The Canadian version is adding more emphasis on the inclusion of Indigenous practices.
The Green New Deal “must be based on Indigenous knowledge and science and cut Canada’s emissions in half in 11 years,” according to the Council of Canadians, one of many partnering groups.
The United Nations Intergovernmental Panel on Climate Change (IPCC) released a report last October saying global warming requires “rapid and far-reaching” infrastructure transitions. The UN report, completed by leading climate scientists, warns that without serious action to lower CO2 emissions within 11 years, there will be more catastrophes to come, including floods, droughts, extreme heat and poverty.
Zak noted that the United Nations Declaration on the Rights of Indigenous Peoples (UNDRIP) has not been implemented in Canada, which defines Indigenous rights and grants free prior informed consent to the policies that affect them, such as climate change and natural resource development.
On June 11, the Standing Senate Committee on Aboriginal Peoples passed Bill C-262 to implement UNDRIP in Canada. It is not yet federal law. Conservative senators objected over fears about its potential impact on resource development and have been accused of stalling. If the bill is not made federal law by the end of the month, new legislation will have to be tabled.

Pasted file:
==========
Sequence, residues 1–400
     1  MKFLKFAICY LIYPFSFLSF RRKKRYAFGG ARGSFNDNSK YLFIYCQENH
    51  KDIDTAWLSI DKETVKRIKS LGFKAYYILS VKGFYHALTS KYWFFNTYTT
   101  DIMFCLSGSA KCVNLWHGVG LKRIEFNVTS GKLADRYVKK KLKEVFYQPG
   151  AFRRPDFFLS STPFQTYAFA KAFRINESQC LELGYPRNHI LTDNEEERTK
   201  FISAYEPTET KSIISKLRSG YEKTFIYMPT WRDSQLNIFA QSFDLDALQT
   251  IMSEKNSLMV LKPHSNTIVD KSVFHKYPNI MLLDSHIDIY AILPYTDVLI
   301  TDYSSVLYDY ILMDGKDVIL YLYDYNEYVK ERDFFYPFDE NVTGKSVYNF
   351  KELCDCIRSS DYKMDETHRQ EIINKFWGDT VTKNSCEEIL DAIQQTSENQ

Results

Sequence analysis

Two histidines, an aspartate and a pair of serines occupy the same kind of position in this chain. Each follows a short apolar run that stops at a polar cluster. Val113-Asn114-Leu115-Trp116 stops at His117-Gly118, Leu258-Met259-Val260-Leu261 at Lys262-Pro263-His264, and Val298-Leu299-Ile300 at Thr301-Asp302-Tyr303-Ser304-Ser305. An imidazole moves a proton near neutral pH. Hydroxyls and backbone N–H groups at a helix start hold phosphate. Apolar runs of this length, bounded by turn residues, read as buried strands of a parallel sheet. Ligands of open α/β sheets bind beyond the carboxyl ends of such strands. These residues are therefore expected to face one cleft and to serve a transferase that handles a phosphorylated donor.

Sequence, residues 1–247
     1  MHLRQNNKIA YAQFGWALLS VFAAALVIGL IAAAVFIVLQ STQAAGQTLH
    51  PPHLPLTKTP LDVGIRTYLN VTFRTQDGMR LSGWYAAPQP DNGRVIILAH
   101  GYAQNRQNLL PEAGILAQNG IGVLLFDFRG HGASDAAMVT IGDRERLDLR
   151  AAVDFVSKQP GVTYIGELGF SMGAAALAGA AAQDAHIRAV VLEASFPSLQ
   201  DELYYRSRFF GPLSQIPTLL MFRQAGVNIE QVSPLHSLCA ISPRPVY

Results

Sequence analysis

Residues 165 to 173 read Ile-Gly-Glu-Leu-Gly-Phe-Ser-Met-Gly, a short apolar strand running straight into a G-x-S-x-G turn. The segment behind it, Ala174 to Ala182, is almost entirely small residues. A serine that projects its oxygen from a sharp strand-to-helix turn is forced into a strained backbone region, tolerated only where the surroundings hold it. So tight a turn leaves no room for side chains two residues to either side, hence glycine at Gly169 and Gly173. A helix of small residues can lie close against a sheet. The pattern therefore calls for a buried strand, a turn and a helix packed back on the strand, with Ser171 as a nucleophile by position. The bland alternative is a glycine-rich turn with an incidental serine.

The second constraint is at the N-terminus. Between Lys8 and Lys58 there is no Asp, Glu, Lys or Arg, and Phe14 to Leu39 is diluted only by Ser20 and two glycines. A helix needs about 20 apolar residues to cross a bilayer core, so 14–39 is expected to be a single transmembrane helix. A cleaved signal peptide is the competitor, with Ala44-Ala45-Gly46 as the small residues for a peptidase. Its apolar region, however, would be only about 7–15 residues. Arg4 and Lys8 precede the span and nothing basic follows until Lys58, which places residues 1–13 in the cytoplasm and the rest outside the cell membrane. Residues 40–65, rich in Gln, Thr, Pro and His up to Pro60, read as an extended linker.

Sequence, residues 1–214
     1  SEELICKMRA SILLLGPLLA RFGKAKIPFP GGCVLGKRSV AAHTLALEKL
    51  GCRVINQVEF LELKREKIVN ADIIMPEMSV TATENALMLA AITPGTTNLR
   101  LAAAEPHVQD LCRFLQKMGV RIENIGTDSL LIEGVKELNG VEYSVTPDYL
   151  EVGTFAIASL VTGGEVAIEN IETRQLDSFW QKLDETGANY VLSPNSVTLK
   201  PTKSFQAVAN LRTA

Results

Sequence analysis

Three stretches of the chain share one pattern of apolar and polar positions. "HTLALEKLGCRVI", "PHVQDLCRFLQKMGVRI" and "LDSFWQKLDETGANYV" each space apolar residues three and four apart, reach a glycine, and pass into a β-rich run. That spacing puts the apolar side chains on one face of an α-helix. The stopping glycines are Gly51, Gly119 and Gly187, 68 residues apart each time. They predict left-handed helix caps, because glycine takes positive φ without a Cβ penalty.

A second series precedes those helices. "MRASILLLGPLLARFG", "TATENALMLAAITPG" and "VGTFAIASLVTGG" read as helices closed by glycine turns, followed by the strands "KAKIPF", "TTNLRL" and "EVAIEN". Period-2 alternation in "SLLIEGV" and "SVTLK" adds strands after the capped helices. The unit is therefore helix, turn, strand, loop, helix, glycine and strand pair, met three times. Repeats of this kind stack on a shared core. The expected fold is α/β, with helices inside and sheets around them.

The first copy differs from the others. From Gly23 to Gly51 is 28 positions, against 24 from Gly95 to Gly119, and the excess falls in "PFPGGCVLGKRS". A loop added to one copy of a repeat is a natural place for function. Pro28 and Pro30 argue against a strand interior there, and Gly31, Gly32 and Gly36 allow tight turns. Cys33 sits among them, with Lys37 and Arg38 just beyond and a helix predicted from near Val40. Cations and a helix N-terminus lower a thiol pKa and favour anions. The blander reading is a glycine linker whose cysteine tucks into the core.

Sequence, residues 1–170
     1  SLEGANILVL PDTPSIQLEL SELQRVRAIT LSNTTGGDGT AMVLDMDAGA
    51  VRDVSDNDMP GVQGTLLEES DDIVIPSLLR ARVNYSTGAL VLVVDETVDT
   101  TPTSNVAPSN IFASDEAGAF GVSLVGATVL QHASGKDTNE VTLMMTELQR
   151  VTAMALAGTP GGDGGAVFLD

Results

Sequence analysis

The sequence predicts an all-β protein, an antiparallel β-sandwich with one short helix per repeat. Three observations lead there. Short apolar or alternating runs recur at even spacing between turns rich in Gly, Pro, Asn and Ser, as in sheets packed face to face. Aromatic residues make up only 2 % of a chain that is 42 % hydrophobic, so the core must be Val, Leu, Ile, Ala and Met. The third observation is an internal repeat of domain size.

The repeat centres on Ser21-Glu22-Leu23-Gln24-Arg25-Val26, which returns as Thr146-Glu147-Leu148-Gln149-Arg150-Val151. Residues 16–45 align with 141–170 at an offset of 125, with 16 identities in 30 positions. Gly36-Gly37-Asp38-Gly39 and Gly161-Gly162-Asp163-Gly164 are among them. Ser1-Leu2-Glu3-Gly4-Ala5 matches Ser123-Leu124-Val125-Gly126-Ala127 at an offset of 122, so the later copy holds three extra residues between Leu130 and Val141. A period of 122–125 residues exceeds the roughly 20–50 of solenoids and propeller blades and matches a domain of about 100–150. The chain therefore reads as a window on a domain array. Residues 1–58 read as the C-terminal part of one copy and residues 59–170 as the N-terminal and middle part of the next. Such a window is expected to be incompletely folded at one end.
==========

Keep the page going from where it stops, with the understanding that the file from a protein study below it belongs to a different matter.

The Green New Deal attempts to align the principles of UNDRIP and traditional Indigenous knowledge with scientific inquiry.
Wanda Whitebird, an elder of the Mi'kmaq Nation from Afton, N.S., welcomed the crowd of a few hundred to the inaugural town hall in Toronto.
Large banners calling for 100 per cent renewable energy and the recognition of Indigenous rights were draped from the second floor of the church. From the front pews to the back, attendees chanted for “climate justice.”
“We cannot live without clean water,” Whitebird said.
“We are not doing a good job, because my grandchildren might not have a place to live or your grandchildren might not have a place to live, because without clean water, we are going to die.”
Pam Palmater, a Mi’kmaq lawyer whose family originates from the Eel River Bar First Nation, took to the podium to speak about First Nations that have been affected by the climate crisis.